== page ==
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Page:Harvard Law Review Volume 1.djvu/406

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performance of which render the policy voidable by the insurers. As they are conditions, their performance may be waived; and, consequently, though in case of the assignment of a policy of insurance without the consent of the insurers or alienation of the property insured, the policy may be avoided, yet, if the insurer consents to the assignment, he waives the condition against assignment or alienation, and the alienee’s rights under the policy are secure.[1]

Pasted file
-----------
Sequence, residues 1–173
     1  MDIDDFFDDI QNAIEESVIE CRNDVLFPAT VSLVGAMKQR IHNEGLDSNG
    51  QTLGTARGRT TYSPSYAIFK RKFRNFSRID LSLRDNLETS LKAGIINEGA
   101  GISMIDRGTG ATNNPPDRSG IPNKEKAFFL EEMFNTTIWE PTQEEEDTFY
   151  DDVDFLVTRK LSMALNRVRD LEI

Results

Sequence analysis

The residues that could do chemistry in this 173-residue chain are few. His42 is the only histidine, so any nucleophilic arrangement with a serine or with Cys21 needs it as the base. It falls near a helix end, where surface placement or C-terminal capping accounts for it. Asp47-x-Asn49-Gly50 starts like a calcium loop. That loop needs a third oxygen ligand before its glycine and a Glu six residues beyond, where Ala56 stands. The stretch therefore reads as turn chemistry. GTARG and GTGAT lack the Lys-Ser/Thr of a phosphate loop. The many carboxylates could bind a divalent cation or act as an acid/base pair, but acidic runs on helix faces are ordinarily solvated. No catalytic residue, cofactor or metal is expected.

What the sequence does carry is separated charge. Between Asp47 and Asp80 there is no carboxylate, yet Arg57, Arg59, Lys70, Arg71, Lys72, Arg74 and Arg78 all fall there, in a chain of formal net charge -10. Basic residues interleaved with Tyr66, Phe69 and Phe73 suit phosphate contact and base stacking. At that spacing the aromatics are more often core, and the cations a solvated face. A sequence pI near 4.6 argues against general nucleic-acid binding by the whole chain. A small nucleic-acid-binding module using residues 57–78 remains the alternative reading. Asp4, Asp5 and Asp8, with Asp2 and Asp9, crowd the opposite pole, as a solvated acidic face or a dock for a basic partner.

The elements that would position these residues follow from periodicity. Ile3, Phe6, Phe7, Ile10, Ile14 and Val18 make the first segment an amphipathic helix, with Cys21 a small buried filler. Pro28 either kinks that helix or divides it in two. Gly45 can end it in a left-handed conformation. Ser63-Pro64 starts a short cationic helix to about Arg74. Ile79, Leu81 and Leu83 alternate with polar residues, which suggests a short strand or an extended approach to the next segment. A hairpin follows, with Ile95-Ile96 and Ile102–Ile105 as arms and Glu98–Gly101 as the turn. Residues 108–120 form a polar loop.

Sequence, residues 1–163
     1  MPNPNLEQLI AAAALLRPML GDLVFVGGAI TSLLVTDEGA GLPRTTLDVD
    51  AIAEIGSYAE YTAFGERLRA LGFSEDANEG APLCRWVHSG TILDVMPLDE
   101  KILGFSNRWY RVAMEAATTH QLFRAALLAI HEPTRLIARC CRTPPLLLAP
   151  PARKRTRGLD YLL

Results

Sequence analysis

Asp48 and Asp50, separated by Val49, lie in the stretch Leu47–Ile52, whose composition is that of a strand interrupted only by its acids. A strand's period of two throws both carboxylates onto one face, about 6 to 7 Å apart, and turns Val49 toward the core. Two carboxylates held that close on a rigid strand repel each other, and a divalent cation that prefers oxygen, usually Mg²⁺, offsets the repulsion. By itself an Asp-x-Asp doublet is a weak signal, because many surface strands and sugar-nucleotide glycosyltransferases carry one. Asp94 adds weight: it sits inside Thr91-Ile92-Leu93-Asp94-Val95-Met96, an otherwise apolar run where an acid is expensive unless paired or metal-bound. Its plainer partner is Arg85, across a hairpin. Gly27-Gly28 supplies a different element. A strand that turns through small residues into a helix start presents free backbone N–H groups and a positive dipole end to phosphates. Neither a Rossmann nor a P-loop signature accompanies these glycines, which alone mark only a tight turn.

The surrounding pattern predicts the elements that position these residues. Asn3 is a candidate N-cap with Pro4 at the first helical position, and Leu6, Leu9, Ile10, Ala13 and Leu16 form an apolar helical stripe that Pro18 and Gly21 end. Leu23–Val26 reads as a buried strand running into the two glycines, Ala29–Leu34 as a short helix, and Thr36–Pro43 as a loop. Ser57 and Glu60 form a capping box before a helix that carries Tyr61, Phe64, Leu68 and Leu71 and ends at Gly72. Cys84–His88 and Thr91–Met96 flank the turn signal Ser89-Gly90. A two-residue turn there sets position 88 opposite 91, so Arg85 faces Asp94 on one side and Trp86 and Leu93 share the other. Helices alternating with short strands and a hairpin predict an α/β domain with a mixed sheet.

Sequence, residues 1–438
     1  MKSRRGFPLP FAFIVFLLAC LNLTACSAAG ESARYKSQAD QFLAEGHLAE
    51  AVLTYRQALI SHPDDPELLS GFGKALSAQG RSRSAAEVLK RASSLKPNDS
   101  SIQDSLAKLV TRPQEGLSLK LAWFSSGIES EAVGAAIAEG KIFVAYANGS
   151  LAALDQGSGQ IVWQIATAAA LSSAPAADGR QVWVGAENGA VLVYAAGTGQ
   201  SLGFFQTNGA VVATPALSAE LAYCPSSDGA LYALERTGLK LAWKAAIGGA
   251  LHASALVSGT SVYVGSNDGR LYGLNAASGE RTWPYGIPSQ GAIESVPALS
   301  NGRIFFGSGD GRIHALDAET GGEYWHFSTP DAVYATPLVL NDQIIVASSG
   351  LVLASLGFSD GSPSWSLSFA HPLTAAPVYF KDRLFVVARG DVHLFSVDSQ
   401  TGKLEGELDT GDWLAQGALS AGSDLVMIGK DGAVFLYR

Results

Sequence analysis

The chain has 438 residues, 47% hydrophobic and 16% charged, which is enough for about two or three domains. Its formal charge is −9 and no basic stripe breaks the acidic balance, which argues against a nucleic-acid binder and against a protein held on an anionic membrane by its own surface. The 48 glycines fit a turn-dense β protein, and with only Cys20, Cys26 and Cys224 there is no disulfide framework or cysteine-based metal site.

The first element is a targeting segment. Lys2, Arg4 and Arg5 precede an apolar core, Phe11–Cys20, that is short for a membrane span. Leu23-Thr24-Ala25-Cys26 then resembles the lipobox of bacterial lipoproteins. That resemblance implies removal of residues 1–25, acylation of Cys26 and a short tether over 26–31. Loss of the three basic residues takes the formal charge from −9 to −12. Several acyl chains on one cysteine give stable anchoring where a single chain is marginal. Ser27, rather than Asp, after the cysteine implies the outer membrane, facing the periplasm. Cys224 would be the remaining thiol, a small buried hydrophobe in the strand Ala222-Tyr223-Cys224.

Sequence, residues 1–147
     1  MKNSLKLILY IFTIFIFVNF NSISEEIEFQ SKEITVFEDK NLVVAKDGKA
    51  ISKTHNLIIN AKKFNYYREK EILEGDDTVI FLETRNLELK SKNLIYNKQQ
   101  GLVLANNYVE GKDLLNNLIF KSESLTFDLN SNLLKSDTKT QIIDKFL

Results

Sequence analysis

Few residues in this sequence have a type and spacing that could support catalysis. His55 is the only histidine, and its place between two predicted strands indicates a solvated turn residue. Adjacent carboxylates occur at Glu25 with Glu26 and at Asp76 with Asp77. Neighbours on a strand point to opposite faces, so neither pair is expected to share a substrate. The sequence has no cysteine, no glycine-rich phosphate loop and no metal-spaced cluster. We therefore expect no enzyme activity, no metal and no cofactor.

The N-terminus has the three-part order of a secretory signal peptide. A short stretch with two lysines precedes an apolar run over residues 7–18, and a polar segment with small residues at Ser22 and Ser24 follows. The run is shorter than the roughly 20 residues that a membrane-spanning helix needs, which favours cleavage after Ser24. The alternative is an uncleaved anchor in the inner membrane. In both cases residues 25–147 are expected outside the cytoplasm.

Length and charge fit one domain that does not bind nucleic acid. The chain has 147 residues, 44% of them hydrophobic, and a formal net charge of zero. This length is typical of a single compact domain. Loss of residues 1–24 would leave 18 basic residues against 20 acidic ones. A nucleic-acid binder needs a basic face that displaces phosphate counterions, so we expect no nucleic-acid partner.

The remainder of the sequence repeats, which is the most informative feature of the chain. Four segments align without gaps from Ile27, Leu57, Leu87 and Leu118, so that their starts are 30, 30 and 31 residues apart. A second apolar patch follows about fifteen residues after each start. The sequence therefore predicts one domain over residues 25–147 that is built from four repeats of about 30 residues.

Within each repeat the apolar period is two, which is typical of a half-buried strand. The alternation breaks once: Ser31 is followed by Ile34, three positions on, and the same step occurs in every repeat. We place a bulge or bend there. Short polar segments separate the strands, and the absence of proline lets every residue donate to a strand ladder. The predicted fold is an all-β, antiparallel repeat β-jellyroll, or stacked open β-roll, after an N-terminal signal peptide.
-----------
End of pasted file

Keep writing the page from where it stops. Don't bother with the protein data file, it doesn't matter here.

Chauncey G. Parker.

Harvard Law School.

  1. Oakes v. M’f’rs. Ins. Co., 135 Mass. 248.